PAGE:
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Action of Hecke operators on the character group associated to $J_0(p)$
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(using the Mestre-Oesterl\'{e} graph method). The matrices attained
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in this way are very sparse.
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\item {\bf Tables:} Functions for making tables of eigenforms.
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\item {\bf More:} And much more...
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\end{itemize}
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\head{Why does \hecke{} exist?}
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\hecke{} grew out of work on my thesis which involves computing
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special values of $L$-functions, congruences, and verifying modularity of
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certain Galois representations. In a sense, \hecke{} is also the program
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I wish had existed when I was taking my first modular forms course and
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wanted to see lots of concrete examples of modular forms.
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(Some of the tables computed using \hecke{} can be found at
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{\tt http://shimura.math.berkeley.edu/\~{ }was/Tables}.)
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\bighead{Guided tour}
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In this guided tour, you will see how to use
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\hecke{} to compute the action of Hecke operators,
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bases of eigenforms, and obtain information about
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special values of $L$-functions.
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\head{Starting \hecke.} To start \hecke{}, type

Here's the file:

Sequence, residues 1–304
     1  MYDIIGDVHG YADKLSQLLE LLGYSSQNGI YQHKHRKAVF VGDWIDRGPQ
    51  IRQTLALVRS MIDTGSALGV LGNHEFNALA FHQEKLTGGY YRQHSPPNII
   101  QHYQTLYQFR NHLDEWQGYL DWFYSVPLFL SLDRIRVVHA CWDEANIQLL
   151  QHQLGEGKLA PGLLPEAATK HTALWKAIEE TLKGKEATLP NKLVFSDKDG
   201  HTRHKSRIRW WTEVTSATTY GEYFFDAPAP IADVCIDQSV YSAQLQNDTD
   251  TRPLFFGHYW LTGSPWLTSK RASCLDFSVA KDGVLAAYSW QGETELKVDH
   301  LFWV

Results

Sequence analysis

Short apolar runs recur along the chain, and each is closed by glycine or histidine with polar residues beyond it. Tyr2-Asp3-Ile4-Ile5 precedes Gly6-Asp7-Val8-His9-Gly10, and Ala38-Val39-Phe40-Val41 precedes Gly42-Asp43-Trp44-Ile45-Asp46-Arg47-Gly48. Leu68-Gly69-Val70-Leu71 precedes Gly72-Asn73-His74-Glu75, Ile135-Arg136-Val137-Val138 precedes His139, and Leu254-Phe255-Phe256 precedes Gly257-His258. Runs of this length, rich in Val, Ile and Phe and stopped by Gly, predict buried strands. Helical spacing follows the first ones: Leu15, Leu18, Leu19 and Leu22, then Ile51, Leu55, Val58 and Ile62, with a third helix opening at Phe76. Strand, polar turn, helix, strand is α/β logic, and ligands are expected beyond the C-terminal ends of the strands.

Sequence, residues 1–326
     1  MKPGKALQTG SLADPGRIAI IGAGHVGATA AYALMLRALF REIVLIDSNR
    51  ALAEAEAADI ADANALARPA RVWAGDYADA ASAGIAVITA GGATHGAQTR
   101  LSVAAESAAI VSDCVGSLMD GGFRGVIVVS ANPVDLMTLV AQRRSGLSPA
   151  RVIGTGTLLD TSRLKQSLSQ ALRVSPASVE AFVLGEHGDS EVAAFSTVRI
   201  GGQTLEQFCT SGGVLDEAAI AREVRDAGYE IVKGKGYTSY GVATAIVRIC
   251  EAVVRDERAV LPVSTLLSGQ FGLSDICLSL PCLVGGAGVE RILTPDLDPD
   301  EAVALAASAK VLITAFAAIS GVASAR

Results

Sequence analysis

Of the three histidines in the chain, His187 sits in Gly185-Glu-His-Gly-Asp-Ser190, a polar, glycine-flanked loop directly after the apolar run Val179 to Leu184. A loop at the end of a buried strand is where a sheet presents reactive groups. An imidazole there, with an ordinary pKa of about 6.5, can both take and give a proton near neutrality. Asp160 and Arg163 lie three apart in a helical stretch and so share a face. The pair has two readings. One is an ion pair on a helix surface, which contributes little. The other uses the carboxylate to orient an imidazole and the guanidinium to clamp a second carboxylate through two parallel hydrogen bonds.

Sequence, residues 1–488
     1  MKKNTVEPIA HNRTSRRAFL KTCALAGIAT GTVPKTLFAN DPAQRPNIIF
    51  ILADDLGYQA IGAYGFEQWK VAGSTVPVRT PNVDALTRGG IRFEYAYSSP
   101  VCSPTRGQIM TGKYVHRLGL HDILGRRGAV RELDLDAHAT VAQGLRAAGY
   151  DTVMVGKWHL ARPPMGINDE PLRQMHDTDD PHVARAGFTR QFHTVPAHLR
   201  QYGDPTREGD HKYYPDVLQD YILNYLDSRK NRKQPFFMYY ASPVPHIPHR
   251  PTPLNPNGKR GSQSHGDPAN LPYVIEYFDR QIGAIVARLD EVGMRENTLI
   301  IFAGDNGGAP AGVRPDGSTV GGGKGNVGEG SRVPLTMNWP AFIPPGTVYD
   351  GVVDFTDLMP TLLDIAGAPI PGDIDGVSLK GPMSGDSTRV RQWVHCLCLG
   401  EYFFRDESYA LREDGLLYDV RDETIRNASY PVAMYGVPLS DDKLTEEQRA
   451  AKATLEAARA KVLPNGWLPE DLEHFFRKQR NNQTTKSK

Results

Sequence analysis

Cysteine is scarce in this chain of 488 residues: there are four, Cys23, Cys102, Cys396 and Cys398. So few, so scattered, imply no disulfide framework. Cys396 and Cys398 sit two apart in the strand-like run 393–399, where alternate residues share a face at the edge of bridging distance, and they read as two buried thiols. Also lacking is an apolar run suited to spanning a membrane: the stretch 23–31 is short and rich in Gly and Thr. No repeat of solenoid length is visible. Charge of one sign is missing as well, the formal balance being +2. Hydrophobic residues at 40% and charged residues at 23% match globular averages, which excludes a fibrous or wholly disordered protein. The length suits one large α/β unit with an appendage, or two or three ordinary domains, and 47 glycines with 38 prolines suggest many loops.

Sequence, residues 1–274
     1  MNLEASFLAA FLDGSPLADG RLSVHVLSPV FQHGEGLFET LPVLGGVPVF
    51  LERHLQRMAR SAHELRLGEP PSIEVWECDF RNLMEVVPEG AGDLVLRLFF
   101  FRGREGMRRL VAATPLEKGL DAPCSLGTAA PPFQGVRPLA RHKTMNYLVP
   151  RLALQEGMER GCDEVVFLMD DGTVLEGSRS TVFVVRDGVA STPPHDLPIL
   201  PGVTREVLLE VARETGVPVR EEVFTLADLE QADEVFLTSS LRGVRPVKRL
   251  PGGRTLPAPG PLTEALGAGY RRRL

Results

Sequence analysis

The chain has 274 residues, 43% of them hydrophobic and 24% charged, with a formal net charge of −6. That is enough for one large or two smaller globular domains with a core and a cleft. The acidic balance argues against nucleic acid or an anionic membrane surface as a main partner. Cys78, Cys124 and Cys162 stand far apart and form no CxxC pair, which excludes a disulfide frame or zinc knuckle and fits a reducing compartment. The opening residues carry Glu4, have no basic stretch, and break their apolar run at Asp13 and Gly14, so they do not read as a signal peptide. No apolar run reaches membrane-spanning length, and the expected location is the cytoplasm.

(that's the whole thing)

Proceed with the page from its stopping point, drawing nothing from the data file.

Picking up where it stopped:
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{\tt hecke} at the command line. You will see something like
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\begin{verbatim}
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# hecke
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HECKE: Modular Forms Calculator Version 0.4 (June 14, 1999)
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William A. Stein
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Send bug reports and suggestions to was@math.berkeley.edu.
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Type ? for help.
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HECKE>
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\end{verbatim}
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Typing {\tt ?} gives a list of ``modes'' which include:
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\begin{verbatim}
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calc: Motive calculator
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exsymbols: Extended modular symbols mode
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formulas: Formula calculator
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graphs: Monodromy pairing calculator
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msymbols: Modular symbols calculator
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tables: Table making routines